Zoe S. Roy MA '93Zoë is passionate about books. She first discovered the joy of reading as a child growing up under Mao’s regime in China. In those harsh times, reading was her refuge—a place to learn and dream of another life. Now as an adult educator and published author, Roy gives credit to her love of literature for helping to turn that dream into a reality.
As the daughter of a history professor, Roy spent her early years on a university campus. This gave her more access to books than most had at that time, but during China’s Cultural Revolution, Roy was not allowed to attend university herself until 1977.
Freedom“I was so excited to finally be able to go to university.” She studied English language and literature, reading literary works in their original language. “It was thrilling.” Roy went on to teach and was happy to be able to share her love of books with her students, but she wanted to further her studies. Frustrated by the lack of opportunity to get into a graduate program, she tried to get into a North American university upon a friend’s suggestion.
“I needed financial assistance but as I wasn’t a Communist Party member, there was no chance I would get sponsored by the Chinese government,” she says. “I contacted many universities. It took me a few years before I got an acceptance with financial aids.” Three universities accepted her application. One of them was Saint Mary’s University.
Life in Halifax
Roy came to Halifax in 1990. While working on her Master of Arts in Atlantic Canada Studies, Roy took a part-time job – in the university library, of course. Not content to just spend time with books, Roy also joined the Society of Atlantic Canada Studies, a group made up of both undergraduates and graduates of the program.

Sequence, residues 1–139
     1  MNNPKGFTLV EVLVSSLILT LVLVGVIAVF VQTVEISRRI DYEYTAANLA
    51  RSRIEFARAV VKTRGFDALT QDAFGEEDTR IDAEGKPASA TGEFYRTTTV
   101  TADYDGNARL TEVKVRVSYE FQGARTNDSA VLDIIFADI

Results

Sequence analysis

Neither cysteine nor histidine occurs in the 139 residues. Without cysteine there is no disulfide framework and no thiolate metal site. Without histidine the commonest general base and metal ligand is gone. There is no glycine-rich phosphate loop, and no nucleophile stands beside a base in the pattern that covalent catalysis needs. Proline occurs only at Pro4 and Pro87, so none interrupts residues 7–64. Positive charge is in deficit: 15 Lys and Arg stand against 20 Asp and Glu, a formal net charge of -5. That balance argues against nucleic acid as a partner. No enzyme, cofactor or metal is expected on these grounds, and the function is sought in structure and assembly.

They planned activities together and went on ski trips, farm tours, and even a journey to Newfoundland. “It was a crucial life experience for me. We did things and saw things I might not have otherwise, but the best part was the people. It was a very friendly group.”
Reading literature and having life experience make her want to write. She was no stranger to writing fiction, having started writing stories when she was a teacher in China, but time was an issue. It wasn’t until she found herself unemployed after a subsequent degree—a Master of Education from the University of New Brunswick in 1995—that she was able to return to it.
“I couldn’t find a job so I started to write again. I had so many ideas in my head.” It was during this time that Roy wrote some of the stories featured in her first published book, Butterfly Tears, a collection of short fiction published by Inanna Publications in 2009. The Long March Home, her first novel and second published work, came out in 2011. It tells the story of three generations of women as they deal with personal loss, discrimination, and political revolution.
Currently living in Toronto, Roy often needs to emphasize that her books—about the experiences of Chinese immigrant women forging a life in a new country—are works of imagination.
“I write about China, the cross-cultural experiences of Chinese immigrant women and of women from North America in China. Many people think I am writing about my own life, but it is not my story. I like to make up stories that tell the truth.”
As a child, Roy never would have thought she would ever be able to leave China, let alone become a published author in English. “There were many times along the way when I could have given up, but I didn’t,” she says. “I have overcome a lot of obstacles to get my education, to establish a career, and to get published. Frustration is part of life; it’s important to just keep going because you never know what might happen next.”